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Toledo, Ohio & Lake Erie

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       The decision by the Ohio Supreme Court to bar a citizens’ initiative – The Lake Erie Bill of Rights – from the Nov. 6 ballot came as little surprise to Terry Lodge, an environmental attorney who helped draft the proposed initiative.

        Two days before the state Supreme Court handed down its decision on Sept. 21, Lodge, who is affiliated with the Community Environmental Legal Defense Fund, spoke to members of the group, Advocates for a Clean Lake Erie, and told them he wasn’t optimistic the court would find favor with the initiative.

        He also had little good to say about the current environmental regulatory model, calling it “fixed.”

        The CELDF drafted the bill of rights for the lake at the request of the community group, Toledoans for Safe Water, which then gathered almost 11,000 signatures to qualify the measure for the ballot.

        Had it reached the ballot and passed, it would have amended the Toledo city charter by stating the lake and its watershed have a right to exist, flourish and naturally evolve; that city residents have a right to a clean and healthy Lake Erie. A corporation or entity that violated the rights of the lake could be prosecuted and held civilly liable.

        Although the clerk of Toledo City Council authorized the Lucas County Board of Elections to put the initiative on the ballot, the board on Aug. 28 voted 4-0 to reject it on the grounds it contained provisions that are beyond the authority of the city to enact.

        Toledoans for Safe Water then filed with the state Supreme Court for a writ of mandamus to void the board of elections decision and have the initiative placed on the ballot.

        Among other arguments, the appeal for a writ contended the board of elections is “... constitutionally barred from deciding whether the proposed charter amendment conforms to a legal standard or interpretation of Ohio. The BOE is strictly limited to reviewing the sufficiency of the petition and to signature validity, and may not review or pass judgment or pass upon the initiative’s substantive terms.”

        The court, however, ruled the elections board didn’t abuse its discretion or disregard the law when it rejected the petition but the justices were divided in their opinions. Chief Justice Maureen O’Connor and justices Judith French and Mary DeGenaro concurred while justices Sharon Kennedy, Terrance O’Donnell and R. Patrick DeWine concurred in judgment only.

        Justice Patrick Fischer dissented.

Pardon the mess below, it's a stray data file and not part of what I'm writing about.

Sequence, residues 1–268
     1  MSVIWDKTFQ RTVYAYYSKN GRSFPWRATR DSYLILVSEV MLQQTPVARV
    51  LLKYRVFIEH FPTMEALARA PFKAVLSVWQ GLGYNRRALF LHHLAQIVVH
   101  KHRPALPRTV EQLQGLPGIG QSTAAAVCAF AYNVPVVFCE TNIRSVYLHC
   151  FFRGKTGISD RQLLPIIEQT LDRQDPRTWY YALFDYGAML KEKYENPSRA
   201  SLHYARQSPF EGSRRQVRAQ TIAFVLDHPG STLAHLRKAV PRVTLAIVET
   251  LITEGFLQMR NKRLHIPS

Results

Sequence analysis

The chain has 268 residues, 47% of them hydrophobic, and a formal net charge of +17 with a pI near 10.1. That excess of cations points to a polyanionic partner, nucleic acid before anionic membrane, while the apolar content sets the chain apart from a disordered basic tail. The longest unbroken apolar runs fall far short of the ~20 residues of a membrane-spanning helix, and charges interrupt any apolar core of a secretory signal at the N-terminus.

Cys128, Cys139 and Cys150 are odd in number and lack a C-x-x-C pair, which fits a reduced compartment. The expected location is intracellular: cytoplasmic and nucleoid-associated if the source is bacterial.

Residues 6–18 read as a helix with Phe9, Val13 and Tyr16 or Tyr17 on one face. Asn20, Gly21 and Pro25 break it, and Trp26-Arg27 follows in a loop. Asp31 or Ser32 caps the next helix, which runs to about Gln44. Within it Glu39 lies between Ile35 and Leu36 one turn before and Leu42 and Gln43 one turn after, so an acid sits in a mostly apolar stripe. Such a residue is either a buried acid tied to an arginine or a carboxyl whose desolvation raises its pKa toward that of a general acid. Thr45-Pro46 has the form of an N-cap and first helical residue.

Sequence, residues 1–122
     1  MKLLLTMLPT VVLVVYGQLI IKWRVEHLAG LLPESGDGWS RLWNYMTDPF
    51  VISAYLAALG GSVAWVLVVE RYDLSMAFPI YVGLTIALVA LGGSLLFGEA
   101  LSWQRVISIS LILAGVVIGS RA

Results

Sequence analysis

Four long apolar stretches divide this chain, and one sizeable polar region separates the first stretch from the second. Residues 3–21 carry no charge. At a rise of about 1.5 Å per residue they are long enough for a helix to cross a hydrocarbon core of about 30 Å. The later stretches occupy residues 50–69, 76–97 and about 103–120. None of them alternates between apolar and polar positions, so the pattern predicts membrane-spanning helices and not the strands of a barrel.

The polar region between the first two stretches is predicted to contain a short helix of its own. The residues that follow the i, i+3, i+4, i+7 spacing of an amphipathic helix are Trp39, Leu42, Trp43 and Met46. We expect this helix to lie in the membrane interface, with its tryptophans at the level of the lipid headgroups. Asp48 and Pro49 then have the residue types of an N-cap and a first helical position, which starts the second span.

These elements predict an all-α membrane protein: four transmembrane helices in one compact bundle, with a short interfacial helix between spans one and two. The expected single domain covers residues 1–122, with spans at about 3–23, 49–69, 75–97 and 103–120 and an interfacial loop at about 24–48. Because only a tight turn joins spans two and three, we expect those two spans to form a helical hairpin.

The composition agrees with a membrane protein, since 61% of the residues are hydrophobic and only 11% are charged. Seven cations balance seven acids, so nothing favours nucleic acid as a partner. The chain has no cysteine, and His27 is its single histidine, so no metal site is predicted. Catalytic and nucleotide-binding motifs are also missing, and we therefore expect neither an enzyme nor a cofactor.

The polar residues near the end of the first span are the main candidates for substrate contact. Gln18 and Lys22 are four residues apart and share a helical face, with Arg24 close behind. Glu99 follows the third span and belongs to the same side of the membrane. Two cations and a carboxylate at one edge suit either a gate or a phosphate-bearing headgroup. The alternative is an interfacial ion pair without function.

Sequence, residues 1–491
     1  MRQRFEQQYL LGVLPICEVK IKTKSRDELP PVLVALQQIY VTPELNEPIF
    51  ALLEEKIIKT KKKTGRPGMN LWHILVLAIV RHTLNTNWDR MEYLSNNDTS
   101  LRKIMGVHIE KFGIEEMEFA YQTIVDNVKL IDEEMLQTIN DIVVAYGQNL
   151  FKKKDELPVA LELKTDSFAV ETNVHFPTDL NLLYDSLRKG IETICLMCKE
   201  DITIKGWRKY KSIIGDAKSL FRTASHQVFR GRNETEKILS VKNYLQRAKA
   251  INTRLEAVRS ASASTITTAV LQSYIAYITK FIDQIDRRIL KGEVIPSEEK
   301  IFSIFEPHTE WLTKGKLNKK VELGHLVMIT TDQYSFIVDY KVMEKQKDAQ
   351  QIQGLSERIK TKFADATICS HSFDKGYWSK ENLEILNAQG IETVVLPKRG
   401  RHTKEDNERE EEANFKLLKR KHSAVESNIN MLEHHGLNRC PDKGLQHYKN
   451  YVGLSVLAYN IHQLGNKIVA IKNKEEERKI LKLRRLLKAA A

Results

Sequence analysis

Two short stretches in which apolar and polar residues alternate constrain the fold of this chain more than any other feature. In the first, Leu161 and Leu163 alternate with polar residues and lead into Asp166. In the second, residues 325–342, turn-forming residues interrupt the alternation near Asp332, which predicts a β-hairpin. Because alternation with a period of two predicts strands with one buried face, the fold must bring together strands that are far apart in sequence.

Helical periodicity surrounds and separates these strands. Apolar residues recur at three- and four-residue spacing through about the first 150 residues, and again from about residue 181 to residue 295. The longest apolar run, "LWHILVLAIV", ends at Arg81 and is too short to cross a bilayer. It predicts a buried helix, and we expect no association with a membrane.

“There seems to be a ‘ruling class’ divide in the court, yet they all miss the point that the people have the right to directly legislate by initiative,” Lodge said last week. “They ignore their own long-standing precedent, which has always been to allow initiatives on the ballot, regardless of constitutionality. No one can interfere with the city council or the state legislature voting on a (potentially) illegal or unconstitutional bill. It should be the same for the people of the state, It’s clear that our government is afraid to let the people legislate by initiative.”

        In her opinion, Justice Kennedy conceded the court has made mistakes in some of its prior decisions regarding initiatives.

        “I write separately, however, to urge that we clear up the confusion created by our recent case law,” she wrote.

Marijuana case

        Environmental activists may get a boost from two men trying to have possession of marijuana decriminalized in two municipalities in Portage County, O., Lodge told members of ACLE at the group’s last meeting.

        William Schmitt and Chad Thompson filed suit in U.S. District Court for the Southern District of Ohio against the Portage County Board of Elections after the board rejected their ballot initiatives that would have eliminated fines and court costs for possession cases.

        That court agreed with them and directed the Ohio Secretary of State and county board to place the initiatives on the Nov. 6 ballot.

        “Ohio’s regulatory scheme unreasonably infringes on plaintiff’s (Schmitt and Thompson) First Amendment rights by allowing an executive board to determine disputed legal and even constitutional issues, thereby potentially blocking initiatives from the ballot, and then denying petitioners a right to review,” Judge Edmund A. Sargus, Jr. wrote in his Sept. 19 decision.

        Lodge said Monday the CELDF is filing a motion to reconsider on behalf of Toledoans for Safe Water based on the federal court ruling.

        Members of ACLE also supported the Toledo initiative effort and agreed to contribute $1,000 to Toledoans for Safe Water for signs and related costs if the measure does make it to the ballot.

       

       

 

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